6 Ways You Can Help Guatemalan Nonprofits
6 Ways You Can Help Guatemalan Nonprofits
Over the course of history, Guatemala and its people have endured many challenges. Most recently in 2020, two hurricanes devastated the country affecting 2.4 million people, in 2018, the Fuego volcano eruption wiped out entire villages, and today the majority of immigrants crossing the US border, still come from this small, Central American country.
In the face of these challenges and within the country’s wider context of disturbingly high malnutrition, poverty, and crime rates, you may be wondering how you can help. Well, supporting Guatemalan nonprofits is a great avenue to explore. However, before you reach for your wallet, read on to discover the 6 ways you can support Guatemalan nonprofits – your best option may be something you haven’t yet considered.
So why does Guatemala need support? Let’s look at some statistics that paint a picture of the current situation:
- 59.3% of Guatemalans live on less than $4 a day.
- 23.4 % of Guatemalans live on less than $2 a day.
- Guatemala has the 6th highest rate of chronic malnutrition in the world, where 46.5% of children under 5 experience chronic malnutrition.
- Guatemalans receive an average of 5.5 years of education – leaving school around 3rd grade
- 30% of Guatemalan girls are married by age 18, and 6% are married by 15.
- Guatemala has the 3rd highest rate of femicide worldwide.
- Only 40% of Guatemalan families have food security.
If you are from the US and these statistics don’t motivate your support, then some historical background may convince you to see why the US in particular, should share some responsibility for Guatemala’s position today and therefore contribute towards its development.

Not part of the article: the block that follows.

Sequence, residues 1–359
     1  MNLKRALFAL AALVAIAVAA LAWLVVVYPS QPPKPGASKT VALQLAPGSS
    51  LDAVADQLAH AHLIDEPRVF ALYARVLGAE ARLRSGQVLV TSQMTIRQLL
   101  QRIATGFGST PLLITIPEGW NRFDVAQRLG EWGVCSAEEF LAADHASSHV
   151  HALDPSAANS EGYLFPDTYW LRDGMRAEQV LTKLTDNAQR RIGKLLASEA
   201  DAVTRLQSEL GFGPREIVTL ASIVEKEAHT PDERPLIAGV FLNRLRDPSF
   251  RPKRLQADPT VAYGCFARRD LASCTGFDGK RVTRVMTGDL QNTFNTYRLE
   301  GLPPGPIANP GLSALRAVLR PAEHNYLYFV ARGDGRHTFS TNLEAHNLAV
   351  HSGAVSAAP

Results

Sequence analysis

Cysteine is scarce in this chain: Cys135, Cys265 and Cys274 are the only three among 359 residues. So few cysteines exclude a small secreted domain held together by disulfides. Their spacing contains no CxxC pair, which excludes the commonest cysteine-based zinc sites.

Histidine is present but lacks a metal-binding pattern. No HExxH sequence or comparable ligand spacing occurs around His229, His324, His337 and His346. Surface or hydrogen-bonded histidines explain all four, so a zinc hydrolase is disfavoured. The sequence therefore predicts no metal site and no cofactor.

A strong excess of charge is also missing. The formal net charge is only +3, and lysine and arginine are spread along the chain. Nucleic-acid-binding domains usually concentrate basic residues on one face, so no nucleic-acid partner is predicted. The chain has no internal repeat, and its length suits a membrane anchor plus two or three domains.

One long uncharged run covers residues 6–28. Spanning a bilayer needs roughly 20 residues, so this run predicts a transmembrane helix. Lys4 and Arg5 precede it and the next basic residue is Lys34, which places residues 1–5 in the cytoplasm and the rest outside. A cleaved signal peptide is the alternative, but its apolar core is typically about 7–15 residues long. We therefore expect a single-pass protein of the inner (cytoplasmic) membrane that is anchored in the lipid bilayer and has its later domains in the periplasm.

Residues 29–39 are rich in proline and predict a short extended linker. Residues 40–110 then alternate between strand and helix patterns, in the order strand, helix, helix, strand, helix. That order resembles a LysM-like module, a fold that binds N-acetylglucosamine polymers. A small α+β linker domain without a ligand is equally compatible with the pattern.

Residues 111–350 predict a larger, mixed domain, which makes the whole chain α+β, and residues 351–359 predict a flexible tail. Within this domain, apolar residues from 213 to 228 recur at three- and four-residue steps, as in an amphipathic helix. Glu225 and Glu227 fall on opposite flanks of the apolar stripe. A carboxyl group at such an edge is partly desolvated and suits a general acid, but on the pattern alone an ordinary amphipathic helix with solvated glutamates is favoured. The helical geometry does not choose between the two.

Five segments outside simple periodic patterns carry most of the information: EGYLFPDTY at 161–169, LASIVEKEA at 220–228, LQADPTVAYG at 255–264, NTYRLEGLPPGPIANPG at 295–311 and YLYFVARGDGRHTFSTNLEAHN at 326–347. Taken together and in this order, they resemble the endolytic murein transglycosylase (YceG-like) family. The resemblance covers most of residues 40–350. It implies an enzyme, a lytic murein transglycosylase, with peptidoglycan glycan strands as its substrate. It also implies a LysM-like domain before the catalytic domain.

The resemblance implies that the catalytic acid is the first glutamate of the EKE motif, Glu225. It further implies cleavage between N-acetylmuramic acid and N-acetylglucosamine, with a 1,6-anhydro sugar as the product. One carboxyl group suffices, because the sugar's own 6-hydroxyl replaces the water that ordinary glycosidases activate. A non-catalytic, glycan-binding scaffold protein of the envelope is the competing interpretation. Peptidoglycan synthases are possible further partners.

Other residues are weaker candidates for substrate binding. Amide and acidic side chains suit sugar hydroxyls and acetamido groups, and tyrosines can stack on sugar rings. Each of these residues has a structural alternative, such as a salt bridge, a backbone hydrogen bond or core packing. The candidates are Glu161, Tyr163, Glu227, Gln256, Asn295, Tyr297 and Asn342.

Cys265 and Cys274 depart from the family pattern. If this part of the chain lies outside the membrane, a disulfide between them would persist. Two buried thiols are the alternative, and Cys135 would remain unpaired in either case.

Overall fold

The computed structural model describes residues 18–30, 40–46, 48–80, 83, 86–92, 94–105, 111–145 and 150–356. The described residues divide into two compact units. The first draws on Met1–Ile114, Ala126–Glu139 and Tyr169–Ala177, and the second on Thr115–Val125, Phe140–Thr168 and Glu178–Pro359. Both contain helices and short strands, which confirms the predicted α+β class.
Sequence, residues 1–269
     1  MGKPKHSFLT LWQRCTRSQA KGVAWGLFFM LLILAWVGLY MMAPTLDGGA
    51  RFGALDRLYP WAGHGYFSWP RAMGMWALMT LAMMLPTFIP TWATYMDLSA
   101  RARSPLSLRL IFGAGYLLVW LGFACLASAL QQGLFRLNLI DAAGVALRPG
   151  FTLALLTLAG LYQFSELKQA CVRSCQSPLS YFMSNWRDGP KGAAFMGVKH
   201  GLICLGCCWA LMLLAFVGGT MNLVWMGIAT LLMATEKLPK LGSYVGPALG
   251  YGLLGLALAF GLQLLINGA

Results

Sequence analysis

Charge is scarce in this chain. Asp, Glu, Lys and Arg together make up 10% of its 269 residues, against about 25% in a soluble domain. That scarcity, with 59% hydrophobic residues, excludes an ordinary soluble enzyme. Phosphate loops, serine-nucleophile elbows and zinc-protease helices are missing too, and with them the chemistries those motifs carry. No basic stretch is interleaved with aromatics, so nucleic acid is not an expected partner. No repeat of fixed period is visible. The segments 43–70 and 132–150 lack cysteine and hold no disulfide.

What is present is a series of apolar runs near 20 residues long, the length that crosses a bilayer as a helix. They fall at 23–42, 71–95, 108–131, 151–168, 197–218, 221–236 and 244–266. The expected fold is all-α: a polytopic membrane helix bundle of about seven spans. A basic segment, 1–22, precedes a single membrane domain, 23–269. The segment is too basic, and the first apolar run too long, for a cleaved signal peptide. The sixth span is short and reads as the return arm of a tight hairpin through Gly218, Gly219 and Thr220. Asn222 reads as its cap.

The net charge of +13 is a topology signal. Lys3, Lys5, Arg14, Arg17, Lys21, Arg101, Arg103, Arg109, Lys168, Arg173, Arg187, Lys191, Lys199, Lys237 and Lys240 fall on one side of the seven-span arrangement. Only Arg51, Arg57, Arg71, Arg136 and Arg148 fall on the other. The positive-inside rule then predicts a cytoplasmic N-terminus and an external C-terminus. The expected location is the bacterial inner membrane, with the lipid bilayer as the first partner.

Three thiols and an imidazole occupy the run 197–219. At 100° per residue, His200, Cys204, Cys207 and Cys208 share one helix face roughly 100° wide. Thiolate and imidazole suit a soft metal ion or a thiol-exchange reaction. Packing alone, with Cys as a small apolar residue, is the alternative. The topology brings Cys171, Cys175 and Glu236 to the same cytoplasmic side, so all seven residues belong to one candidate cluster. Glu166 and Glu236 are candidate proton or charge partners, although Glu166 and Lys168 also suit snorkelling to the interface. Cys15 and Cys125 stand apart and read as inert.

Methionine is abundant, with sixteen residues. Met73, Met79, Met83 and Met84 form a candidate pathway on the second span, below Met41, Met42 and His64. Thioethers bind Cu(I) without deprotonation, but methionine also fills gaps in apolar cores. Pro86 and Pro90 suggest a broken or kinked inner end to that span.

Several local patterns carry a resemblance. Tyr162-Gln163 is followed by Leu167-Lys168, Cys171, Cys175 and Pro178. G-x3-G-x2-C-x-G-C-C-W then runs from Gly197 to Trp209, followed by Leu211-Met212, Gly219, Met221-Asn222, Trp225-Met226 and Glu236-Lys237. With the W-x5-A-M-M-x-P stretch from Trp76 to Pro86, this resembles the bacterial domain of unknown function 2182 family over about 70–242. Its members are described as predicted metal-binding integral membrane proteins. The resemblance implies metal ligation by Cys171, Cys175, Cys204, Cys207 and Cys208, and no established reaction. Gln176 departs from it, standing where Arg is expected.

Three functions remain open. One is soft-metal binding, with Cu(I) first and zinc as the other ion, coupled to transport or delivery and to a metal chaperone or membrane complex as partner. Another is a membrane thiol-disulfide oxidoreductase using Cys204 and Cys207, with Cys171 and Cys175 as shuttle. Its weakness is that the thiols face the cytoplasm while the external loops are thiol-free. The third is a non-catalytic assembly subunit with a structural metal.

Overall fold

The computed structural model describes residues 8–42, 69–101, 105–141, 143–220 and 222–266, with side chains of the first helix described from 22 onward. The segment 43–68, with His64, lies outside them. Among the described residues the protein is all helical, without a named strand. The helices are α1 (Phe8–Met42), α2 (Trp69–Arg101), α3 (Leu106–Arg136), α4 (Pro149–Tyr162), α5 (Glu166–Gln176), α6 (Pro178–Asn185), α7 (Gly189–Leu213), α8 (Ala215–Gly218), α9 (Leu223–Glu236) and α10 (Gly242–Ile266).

In the 1950s, the new democracy of President Arbenz angered Guatemala’s rich minority landowners, who, due to land reforms, were losing their monopoly on power. As a result, Arbenz was labelled as a Communist by the rich and The United Fruit Company (now Chiquita). Given the sensitivity at the time to Communism, the US Government financed and trained counterinsurgency campaigns which resulted in the overthrow of Arbenz in 1954 and the beginning of Guatemala’s 36 year civil war.
During this period of unrest, over 200,000 people were killed, 40,000 ‘disappeared’, and 1.5 million were displaced. The majority of affected communities were indigenous and the war is widely considered a genocide. Despite the bloodshed ending in 1996, Guatemala’s political system was left largely unchanged and continues to be highly corrupt, racist, and inefficient to this day.
So what does Guatemala’s civil war have to do with the US? In a nutshell, as Guatemalan journalist Irma Alicia Velasquez Nimatuj writes, “by financing and training counterinsurgency forces that slaughtered indigenous people, the United States shares blame for the genocide.” Guatemalan Anthropologist and Journalist Velasquez Nimatuj also states, “The long-term effects of the massacres are not only visible in the loss of lives and brilliant minds but on the current fragmentations of Guatemalan society. U.S. foreign policy tore apart the social fabric of the country.” US Foreign Policy in the 1950s is a key reason why Guatemala continues to suffer from a broken political system and is severely underdeveloped. The country’s civil war spanning almost 4 decades was largely thanks to US interference. Ongoing symptoms of this dark past include Guatemalans seeking better opportunities through unprecedented migration flows, widespread gang violence throughout the country, and the region’s prolific drug trade.